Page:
Victoria’s largest ever acquisition of Light Detection and Ranging (LiDAR) data across 1.35 million hectares of Victorian public forests has just commenced. This work will provide important information for supporting decision-making during the RFA and forest modernisation process.
Mapping the location and density of high-conservation value forests, such as ecologically mature forests and rainforest, with the assistance of the LiDAR measurements provides the foundation for long-term monitoring programs and management strategies. It also helps us to manage threatened and endangered species reports the Department of Environment, Land, Water and Planning (DELWP) in their April newsletter.
Identification and precise description of mature forests for the existing RFAs was carried out 20 years ago using aerial photographs and information about forest growth. Mapping quality was variable and since that time there has been no comprehensive mapping of Victoria’s mature forests.
DELWP have commissioned a comprehensive airborne LiDAR measurement program of Victoria’s forests. Their team will collaborate with researchers at the University of Melbourne to model and map the State’s forests to identify areas that are likely to contain high conservation values.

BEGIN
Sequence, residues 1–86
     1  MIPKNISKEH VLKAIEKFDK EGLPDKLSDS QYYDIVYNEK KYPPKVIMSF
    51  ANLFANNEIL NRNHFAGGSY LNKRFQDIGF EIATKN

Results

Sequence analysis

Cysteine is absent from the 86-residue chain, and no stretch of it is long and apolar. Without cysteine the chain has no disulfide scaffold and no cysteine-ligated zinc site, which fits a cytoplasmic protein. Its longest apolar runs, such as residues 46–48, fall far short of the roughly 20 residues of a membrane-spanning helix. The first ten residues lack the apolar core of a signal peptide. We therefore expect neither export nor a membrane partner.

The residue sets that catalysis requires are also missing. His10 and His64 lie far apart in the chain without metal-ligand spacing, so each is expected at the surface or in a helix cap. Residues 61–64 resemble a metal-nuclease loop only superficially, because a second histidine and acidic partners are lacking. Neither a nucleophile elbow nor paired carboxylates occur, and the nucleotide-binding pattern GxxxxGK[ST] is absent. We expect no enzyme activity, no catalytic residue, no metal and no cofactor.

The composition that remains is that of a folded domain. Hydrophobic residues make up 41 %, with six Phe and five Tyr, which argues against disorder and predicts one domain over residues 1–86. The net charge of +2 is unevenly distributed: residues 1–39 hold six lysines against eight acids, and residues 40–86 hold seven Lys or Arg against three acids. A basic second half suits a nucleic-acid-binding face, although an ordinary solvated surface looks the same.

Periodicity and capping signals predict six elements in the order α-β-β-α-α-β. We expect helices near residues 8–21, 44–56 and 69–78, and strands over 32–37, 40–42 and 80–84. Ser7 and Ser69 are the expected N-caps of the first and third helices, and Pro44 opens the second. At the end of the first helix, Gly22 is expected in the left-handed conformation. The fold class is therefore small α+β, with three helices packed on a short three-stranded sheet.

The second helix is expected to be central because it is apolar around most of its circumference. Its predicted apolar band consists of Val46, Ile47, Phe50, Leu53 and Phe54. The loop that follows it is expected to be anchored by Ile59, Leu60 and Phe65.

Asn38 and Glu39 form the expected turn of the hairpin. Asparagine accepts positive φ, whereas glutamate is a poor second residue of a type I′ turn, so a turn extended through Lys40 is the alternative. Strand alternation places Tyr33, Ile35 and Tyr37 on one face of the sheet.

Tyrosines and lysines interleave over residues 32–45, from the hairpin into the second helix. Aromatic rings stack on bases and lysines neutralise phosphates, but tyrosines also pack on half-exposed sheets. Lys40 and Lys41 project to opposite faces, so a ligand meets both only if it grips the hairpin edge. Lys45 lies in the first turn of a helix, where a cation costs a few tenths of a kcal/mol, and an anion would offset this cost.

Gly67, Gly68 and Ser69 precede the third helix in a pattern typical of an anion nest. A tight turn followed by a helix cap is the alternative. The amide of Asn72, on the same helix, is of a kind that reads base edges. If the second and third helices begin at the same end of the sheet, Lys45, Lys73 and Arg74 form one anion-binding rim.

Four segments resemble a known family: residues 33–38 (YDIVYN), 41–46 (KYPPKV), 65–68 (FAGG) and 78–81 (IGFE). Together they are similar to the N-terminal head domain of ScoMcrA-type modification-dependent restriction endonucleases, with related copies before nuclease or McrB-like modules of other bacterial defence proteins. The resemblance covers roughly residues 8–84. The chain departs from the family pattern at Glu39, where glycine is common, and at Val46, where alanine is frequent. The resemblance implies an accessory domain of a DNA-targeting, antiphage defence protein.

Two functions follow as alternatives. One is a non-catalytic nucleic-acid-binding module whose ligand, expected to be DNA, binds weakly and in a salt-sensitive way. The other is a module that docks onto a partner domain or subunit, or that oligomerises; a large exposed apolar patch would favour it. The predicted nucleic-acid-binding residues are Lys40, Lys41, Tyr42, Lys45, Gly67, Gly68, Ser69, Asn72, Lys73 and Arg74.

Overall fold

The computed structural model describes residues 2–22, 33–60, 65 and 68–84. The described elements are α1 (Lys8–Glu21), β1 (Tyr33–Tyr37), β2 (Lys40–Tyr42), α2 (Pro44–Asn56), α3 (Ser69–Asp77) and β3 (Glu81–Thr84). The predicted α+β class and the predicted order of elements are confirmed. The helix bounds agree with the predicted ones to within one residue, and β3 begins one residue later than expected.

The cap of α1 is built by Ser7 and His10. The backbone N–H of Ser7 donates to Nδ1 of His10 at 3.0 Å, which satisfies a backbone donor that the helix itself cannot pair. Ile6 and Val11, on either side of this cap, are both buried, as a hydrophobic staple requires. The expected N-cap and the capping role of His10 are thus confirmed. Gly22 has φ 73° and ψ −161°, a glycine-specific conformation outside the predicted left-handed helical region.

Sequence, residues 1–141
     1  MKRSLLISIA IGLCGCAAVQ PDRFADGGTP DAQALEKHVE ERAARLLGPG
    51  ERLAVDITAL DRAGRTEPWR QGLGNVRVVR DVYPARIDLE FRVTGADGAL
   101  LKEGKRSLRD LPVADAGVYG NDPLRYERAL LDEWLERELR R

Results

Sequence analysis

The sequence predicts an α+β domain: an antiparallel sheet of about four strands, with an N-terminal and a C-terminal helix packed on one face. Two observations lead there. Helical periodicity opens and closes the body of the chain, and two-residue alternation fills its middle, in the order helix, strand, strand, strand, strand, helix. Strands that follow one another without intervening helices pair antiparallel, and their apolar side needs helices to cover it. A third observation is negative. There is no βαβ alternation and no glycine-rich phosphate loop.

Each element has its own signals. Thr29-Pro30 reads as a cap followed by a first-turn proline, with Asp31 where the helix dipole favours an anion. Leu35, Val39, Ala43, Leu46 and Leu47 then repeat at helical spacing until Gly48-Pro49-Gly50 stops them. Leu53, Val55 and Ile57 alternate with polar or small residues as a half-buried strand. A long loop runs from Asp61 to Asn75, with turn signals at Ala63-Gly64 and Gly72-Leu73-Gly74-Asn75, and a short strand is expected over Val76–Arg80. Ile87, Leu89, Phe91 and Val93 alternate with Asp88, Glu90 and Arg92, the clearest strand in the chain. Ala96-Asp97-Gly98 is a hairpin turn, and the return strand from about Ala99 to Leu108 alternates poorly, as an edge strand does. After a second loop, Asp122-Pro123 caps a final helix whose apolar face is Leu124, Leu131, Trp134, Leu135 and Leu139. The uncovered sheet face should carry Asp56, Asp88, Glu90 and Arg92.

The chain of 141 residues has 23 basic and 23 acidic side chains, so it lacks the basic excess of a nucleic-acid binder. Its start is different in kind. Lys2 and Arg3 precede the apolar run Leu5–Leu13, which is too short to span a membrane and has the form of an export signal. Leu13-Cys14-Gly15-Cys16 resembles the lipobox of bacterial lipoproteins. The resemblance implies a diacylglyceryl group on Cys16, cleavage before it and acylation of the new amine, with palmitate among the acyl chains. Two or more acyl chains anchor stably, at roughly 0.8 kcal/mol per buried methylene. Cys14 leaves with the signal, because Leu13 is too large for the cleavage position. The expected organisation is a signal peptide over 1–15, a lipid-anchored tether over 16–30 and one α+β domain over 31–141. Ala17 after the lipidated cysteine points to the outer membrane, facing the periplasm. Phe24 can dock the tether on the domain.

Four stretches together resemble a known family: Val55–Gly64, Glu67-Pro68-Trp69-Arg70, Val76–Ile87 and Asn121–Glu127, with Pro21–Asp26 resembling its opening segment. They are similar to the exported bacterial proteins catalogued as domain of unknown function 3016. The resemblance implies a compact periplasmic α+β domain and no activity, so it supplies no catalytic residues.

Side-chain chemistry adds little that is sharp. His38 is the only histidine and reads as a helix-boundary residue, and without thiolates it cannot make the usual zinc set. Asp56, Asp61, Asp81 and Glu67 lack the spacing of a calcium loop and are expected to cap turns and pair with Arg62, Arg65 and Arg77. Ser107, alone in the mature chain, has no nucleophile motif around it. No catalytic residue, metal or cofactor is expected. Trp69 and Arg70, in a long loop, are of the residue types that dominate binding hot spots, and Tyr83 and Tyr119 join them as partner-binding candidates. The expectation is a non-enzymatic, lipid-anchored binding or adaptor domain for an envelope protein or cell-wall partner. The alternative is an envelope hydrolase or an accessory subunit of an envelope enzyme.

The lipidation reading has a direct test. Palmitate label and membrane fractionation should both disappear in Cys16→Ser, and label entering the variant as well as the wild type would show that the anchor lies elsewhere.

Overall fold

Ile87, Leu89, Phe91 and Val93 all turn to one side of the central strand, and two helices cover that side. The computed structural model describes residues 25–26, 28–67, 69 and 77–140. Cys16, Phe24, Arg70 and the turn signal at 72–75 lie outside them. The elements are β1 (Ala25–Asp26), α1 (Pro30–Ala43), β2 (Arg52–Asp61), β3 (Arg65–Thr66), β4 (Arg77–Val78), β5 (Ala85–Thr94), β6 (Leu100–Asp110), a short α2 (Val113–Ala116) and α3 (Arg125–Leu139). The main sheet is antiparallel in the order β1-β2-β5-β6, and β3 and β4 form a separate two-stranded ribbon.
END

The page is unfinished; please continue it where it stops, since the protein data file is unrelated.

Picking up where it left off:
Tom Hill, Team Lead of the Forest Values Assessments says “data derived from LiDAR measurements, verified by on-the-ground surveys will allow us to create models that can be used to produce detailed, accurate forest maps.”
Focussing on public forests, it will identify areas with: rainforests; cool temperate mixed forests; giant trees; multi-aged stands; areas with old-growth trees which have suffered recent disturbance; and old-growth stands, where the influence of past disturbances is now negligible.
This work is an important step in informing the Forest Modernisation Program with best-practice science.
For further information on this project, visit interpine.nz.
Source: The State of Victoria Department of Environment, Land, Water and Planning
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